Salzburg, Austria — The Vienna Philharmonic Orchestra is the resident band of the Salzburg Festival. It spends most of its time in the opera pit. But it gets out onstage now and then, for a concert. One Saturday night, the VPO was led by Zubin Mehta, the famed, veteran conductor.
He is 80. Is that possible? That’s what the calendar says. He moves more slowly than before, as he emerges from the wings, and returns to them. But there’s still an air of glamour about him. Even of danger. Handsome devil.
Two seasons ago, I heard him in New York, with this same orchestra. Lord, was he dull. He barely rose above the level of phoning it in. Donald Trump sometimes phones in his interviews — literally. But he is never dull (for better or worse).
In Salzburg, Mehta was infinitely better than in New York.
His concert in the Great Festival Hall began with a short piece by Arvo Pärt, the Estonian — born in 1935, the year before Mehta. This was Swansong, adapted from a larger work of Pärt’s, Littlemore Tractus, which was composed in honor of the Newman bicentennial: the 200th anniversary of John Henry Newman’s birth. That celebration took place in 2001.
Swansong is gem-like, neatly crafted. It is clear, sweet, sad — and inevitable. It simply unfolds. A conductor does not have to invest it with emotion. The emotion is embedded. Mehta knew this, and brought it forth, or let it be.
Next on the program was a Mahler song-cycle, Kindertotenlieder, or Songs on the Death of Children. The soloist was Matthias Goerne, the German baritone. Usually, this cycle is sung by a woman. But they do not have exclusive control of it.
Goerne showed the goods that have made him famous: an extraordinarily beautiful voice; extraordinarily beautiful German; long, long breaths. He also showed his assortment of stage mannerisms, which include swaying and self-conducting.
For the first few songs, he demonstrated one of his weaknesses: gilding the lily; laying it on thick. He sang line by line, phrase by phrase. He drowned the sense of the whole. Moreover, you could never forget him and his interpreting. He would not get out of the way, to let you hear the music.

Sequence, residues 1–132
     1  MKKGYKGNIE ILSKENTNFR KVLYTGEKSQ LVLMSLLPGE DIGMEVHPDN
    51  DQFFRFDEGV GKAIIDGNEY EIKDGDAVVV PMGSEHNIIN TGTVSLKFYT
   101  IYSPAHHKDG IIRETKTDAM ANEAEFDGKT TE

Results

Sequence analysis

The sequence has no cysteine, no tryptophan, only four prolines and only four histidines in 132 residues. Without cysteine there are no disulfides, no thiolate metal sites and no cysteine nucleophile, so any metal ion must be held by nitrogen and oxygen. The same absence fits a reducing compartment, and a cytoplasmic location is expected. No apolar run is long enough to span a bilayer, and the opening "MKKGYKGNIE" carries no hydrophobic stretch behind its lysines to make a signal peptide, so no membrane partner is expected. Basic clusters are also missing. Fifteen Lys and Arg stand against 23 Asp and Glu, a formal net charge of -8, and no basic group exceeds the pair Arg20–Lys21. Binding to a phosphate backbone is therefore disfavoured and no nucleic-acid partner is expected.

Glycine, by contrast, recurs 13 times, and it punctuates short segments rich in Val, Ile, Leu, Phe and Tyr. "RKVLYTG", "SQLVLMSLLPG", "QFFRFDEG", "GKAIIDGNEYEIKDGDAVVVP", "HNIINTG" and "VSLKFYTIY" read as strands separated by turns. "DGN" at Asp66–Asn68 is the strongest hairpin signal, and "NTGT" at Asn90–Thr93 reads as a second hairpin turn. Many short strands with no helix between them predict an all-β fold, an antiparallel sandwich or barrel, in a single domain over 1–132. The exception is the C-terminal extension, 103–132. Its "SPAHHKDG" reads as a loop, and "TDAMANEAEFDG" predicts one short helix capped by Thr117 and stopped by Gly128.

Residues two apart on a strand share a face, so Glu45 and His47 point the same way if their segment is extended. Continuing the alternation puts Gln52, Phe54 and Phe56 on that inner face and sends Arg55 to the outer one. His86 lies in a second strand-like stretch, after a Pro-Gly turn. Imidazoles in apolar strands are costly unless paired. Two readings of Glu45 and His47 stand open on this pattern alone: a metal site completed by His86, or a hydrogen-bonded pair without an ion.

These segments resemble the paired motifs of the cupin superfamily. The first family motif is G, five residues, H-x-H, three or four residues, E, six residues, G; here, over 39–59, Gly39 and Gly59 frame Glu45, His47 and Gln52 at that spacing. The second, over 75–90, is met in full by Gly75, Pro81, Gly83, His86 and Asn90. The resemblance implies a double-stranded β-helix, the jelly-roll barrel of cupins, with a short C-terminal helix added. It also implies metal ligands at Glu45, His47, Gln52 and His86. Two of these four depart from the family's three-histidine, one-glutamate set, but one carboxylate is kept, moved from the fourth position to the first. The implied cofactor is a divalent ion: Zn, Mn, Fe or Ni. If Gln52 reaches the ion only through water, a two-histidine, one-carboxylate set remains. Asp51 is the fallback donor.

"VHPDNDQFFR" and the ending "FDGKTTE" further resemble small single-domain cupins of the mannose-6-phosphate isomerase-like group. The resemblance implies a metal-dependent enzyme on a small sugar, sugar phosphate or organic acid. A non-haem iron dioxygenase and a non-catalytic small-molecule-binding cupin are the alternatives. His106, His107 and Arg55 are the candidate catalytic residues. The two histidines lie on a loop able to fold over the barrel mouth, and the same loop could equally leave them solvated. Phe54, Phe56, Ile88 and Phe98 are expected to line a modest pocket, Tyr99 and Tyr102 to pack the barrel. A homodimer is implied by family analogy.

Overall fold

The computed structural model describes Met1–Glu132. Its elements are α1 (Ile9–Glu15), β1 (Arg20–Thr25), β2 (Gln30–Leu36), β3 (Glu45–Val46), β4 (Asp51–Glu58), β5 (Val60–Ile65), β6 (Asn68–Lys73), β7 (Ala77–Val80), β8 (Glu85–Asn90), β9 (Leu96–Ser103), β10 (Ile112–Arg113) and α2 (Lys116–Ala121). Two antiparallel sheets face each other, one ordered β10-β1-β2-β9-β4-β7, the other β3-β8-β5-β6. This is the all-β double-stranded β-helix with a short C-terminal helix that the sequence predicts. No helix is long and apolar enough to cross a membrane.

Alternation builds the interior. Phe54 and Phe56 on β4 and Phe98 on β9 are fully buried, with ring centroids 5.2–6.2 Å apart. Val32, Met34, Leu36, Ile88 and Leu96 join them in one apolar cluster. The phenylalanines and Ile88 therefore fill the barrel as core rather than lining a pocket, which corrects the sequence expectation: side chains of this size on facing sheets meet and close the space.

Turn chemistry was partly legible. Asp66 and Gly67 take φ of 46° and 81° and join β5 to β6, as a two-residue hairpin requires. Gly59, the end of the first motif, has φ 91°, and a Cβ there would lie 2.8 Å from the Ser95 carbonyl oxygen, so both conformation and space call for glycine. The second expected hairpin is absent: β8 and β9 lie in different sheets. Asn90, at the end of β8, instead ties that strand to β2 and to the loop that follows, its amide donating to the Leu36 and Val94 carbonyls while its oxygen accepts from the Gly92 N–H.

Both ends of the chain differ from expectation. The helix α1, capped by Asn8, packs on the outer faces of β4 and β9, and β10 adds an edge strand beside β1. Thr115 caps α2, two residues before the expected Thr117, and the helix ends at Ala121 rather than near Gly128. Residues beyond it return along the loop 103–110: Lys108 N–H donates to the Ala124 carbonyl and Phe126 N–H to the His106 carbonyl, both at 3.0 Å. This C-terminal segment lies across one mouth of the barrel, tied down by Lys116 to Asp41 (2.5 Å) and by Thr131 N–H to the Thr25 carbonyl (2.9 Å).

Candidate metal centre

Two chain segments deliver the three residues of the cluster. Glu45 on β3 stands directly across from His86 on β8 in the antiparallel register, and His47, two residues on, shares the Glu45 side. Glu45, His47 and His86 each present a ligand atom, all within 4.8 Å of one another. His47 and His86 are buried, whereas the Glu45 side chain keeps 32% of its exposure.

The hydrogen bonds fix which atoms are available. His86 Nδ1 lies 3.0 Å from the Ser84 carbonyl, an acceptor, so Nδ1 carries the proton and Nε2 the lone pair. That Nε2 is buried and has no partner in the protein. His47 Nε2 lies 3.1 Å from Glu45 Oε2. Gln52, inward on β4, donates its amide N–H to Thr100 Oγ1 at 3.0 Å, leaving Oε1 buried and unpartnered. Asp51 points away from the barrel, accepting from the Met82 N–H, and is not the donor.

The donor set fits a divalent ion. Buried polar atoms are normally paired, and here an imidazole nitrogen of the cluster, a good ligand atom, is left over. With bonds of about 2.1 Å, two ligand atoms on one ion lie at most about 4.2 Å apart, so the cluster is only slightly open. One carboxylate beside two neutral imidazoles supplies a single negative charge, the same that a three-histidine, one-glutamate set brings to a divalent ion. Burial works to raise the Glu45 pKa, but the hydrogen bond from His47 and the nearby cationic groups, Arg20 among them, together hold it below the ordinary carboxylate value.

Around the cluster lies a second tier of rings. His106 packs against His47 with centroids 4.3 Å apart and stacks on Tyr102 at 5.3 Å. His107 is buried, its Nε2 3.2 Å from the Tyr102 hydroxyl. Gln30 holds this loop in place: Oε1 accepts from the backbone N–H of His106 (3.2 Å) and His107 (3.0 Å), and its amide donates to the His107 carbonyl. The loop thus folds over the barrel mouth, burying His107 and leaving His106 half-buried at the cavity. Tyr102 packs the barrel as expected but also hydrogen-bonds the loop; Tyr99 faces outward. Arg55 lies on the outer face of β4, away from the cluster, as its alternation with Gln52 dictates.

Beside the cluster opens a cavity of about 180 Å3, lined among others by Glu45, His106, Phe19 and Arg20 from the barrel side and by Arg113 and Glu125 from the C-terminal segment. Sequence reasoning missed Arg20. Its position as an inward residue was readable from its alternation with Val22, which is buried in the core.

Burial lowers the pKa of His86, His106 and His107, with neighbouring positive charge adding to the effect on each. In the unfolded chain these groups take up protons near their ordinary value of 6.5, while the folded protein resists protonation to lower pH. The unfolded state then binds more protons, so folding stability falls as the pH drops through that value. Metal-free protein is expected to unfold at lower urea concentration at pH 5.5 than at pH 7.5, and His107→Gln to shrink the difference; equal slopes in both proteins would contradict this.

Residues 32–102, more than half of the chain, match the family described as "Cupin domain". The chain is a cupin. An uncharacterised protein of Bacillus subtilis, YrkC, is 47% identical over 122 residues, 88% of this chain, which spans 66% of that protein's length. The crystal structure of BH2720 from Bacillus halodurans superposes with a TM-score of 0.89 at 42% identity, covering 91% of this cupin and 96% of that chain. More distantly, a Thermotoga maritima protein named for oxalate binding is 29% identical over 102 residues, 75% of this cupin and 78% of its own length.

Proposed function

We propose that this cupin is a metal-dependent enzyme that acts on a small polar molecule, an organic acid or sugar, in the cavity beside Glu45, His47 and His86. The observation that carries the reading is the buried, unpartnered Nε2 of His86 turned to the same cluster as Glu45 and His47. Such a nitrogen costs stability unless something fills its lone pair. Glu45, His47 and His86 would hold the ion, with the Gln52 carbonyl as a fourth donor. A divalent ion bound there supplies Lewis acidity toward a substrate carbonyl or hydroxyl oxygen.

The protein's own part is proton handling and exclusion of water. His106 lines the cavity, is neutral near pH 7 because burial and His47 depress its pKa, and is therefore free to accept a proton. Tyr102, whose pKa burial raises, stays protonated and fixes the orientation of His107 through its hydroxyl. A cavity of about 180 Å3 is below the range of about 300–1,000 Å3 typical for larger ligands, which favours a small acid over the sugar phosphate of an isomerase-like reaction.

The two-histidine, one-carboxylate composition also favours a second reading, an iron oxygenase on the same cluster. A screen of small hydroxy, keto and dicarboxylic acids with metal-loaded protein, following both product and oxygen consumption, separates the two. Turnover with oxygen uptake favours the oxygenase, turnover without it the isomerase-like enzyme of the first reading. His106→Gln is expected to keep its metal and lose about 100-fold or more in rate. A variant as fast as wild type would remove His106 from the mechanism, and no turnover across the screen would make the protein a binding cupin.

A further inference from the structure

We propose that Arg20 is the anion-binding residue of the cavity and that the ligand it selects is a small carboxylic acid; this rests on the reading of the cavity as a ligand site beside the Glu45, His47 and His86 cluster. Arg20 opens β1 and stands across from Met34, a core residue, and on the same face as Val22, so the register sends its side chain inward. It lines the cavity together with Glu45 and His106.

But then he did. He found a mental groove — and the songs did their work.
Two years ago, I interviewed Christa Ludwig, the legendary German mezzo-soprano, and one of the foremost exponents of the Kindertotenlieder. She told me something rather surprising. When she was young and childless, she got very emotional in this cycle. One night, in Brussels, she had to leave the stage. “I was crying. I couldn’t sing anymore.” But when she had a child of her own, she had no such problems in the Kindertotenlieder. “I was too sentimental when I didn’t have a child. You have not to be sentimental in Mahler. That’s it. No, because if it is sentimental, it is not right.”
After intermission, Mehta conducted a Bruckner symphony, the Fourth (nicknamed the “Romantic”). He conducted without a score. He has lived with this work for a long, long time. He conducted it with command — a gentle, unobtrusive command. Often, he was relaxed, but not flaccid. And the Vienna players bathed you with their distinct, glowing sound.
At the end, a woman near me let out a gasp — a gasp that indicated, “How can anything be so wonderful?”
Some years ago, I read a writer trying to be hip about Bruckner. He wanted to debunk the traditional view of that composer. With a bit of a sneer, he said, “Bruckner was more than a simple man devoutly writing musical love letters to God.” I thought, “I have never heard a better description of Bruckner symphonies: musical love letters to God.”
I used that very phrase to title a piece of my own about Bruckner — crediting, if that’s the word, that other fellow. Whatever his intentions, he nailed it.
Two nights after the Mehta-VPO concert, the audience filed in to another festival hall: the House for Mozart. Sheep were on the stage. What were they doing there? They turned out to symbolize sacrifice — and not necessarily of the sheeply kind.
Salzburg was presenting a new opera, The Exterminating Angel, by the British composer Thomas Adès. It is based on the 1962 film of the same title. To be most precise, that film is called “El ángel exterminador.” Its director is Luis Buñuel, the Spaniard, who was known for surrealism.
Hence, the story. Guests arrive for a dinner party. After a while, they find they cannot leave the room. They are unable to cross the threshold. Why is unclear, even to them — maybe especially to them. In due course, they get hungry, and mad, and murderous, and other very bad things.
In an interview, Adès said that he saw this movie when he was 13 or 14, and “it stayed with me to the point of obsession.” He was raised in a surrealistic environment, so to speak. His mother, Dawn, is an art historian, with a specialty in surrealism: Buñuel, Dalí, and the rest.